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Ontology learning (ontology extraction, ontology generation, or ontology acquisition) is a subtask of information extraction. The goal of ontology learning is to semi-automatically extract relevant concepts and relations from a given corpus or other kinds of data sets to form an ontology.

The automatic creation of ontologies is a task that involves many disciplines. Typically, the process starts by extracting terms and concepts or noun phrase from plain text using a method from terminology extraction. This usually involves linguistic processors (e.g. part of speech tagging, phrase chunking). Then statistical [1] or symbolic [2] [3] techniques are used to extract relation signatures. The intentional aspects of domain are formalized by Ontology. Extensional part is commanded by the knowledge based on instances of concepts and relations on the basis of ontology. For instance, these approaches try to detect that "to eat" denotes a relation between a concept denoted by "animal" and a concept denoted by "food". Recently, a graph-based approach has been proposed which extracts a domain taxonomy - i.e., the backbone of an ontology - from scratch.[4]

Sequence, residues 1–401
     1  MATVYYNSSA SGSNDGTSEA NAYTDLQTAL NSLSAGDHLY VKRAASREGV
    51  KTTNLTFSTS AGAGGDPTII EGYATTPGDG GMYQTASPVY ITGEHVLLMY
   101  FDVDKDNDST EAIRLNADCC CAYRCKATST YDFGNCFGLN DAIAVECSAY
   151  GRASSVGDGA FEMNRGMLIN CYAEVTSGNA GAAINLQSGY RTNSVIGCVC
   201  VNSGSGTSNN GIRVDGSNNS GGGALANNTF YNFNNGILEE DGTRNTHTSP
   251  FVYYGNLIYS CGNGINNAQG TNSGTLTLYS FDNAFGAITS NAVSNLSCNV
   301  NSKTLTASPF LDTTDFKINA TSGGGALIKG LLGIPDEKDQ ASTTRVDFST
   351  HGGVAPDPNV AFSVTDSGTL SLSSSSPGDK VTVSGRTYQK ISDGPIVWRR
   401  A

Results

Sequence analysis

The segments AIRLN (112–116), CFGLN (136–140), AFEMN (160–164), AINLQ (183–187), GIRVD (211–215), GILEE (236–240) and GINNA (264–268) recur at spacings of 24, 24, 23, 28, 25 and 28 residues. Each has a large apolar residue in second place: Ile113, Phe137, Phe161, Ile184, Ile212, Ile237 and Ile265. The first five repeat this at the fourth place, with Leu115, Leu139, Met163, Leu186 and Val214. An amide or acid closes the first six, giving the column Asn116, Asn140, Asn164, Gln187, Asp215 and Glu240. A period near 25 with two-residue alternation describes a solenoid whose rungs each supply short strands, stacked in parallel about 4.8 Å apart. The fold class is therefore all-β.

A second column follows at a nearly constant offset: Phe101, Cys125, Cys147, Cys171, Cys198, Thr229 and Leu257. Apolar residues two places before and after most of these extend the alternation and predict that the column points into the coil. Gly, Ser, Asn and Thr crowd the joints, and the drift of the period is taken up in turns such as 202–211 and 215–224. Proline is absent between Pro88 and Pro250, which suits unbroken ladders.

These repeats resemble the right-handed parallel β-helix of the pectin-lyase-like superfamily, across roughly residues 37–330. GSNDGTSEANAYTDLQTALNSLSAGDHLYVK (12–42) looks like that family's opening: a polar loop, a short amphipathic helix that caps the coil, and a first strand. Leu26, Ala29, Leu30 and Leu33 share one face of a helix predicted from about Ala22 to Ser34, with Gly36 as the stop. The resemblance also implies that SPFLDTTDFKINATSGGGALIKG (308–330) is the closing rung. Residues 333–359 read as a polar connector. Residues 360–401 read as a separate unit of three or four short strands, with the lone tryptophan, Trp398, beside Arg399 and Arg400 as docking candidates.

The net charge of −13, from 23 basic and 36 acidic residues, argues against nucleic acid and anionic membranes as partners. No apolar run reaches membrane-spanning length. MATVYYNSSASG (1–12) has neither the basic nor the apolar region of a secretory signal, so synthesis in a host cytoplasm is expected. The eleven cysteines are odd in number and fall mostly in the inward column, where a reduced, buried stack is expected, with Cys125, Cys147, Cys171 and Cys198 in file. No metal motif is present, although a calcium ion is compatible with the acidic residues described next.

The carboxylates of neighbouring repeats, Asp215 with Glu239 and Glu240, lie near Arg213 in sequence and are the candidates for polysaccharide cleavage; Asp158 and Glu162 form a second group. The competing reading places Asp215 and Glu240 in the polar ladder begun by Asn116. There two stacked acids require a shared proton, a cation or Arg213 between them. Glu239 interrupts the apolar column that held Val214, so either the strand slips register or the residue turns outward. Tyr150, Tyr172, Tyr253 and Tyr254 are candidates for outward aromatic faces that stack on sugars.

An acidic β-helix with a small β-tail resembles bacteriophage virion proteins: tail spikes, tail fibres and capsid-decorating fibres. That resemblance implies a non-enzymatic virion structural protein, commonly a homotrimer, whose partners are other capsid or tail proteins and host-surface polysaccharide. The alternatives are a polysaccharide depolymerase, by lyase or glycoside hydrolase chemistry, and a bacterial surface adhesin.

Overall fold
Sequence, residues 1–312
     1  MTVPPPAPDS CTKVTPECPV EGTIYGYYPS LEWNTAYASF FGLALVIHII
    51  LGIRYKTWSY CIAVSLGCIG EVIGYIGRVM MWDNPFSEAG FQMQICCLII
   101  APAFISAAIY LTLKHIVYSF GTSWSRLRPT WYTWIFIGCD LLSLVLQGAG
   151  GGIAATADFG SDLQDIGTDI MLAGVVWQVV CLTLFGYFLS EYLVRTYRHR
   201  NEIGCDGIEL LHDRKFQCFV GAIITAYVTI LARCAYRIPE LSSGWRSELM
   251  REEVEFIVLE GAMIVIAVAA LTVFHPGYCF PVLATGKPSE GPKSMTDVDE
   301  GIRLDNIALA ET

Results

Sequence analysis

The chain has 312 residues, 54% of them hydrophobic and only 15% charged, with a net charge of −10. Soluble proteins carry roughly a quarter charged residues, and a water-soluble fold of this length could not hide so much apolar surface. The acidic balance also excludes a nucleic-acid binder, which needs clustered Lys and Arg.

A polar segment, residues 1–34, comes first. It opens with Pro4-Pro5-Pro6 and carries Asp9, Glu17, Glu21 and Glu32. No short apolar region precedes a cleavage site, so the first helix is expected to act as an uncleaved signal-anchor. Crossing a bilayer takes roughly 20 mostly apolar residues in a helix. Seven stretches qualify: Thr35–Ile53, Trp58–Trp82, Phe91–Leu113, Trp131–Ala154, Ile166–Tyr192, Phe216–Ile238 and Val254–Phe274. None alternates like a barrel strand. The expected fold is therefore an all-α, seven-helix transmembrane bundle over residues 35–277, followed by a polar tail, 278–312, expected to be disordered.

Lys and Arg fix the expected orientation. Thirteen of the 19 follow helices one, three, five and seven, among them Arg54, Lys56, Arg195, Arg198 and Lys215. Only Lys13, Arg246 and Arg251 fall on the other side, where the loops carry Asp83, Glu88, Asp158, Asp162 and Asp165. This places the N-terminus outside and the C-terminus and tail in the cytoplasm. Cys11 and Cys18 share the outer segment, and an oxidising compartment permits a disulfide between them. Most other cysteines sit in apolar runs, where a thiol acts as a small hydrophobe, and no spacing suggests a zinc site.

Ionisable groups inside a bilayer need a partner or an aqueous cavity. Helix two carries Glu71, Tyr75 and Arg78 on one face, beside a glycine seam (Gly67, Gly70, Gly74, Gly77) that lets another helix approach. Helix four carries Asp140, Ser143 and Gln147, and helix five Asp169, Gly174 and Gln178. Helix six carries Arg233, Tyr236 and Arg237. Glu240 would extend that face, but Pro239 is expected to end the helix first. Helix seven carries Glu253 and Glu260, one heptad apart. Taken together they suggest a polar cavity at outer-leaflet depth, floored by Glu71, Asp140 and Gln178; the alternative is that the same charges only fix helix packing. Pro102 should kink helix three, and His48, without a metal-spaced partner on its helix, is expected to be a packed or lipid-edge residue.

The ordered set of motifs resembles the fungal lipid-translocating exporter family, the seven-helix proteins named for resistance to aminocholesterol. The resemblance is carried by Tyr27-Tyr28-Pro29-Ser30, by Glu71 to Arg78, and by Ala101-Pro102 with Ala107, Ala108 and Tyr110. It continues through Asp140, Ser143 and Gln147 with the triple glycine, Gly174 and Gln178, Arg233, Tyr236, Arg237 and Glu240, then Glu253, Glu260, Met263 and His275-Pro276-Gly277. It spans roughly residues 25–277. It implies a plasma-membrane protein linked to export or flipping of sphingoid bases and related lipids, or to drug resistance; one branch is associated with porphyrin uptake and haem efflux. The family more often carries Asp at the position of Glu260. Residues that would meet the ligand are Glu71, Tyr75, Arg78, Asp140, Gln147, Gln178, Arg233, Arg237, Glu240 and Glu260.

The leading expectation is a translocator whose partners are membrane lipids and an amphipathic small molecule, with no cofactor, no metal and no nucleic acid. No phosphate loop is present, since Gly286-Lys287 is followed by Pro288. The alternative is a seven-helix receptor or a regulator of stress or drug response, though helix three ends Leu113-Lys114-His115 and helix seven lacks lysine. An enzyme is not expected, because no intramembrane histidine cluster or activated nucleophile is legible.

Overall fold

See alsoEdit

ReferencesEdit

  1. A. Maedche and S. Staab. Learning ontologies for the semantic web. In Semantic Web Worskhop 2001.
  2. Marti A. Hearst. Automatic acquisition of hyponyms from large text corpora. In Proceedings of the Fourteenth International Conference on Computational Linguistics, pages 539--545, Nantes, France, July 1992.
  3. Roberto Navigli and Paola Velardi. Learning Domain Ontologies from Document Warehouses and Dedicated Web Sites, Computational Linguistics, 30(2), MIT Press, 2004, pp. 151-179.
  4. R. Navigli, P. Velardi, S. Faralli. A Graph-based Algorithm for Inducing Lexical Taxonomies from Scratch. Proc. of the 22nd International Joint Conference on Artificial Intelligence (IJCAI 2011), Barcelona, Spain, July 19-22nd, 2011.

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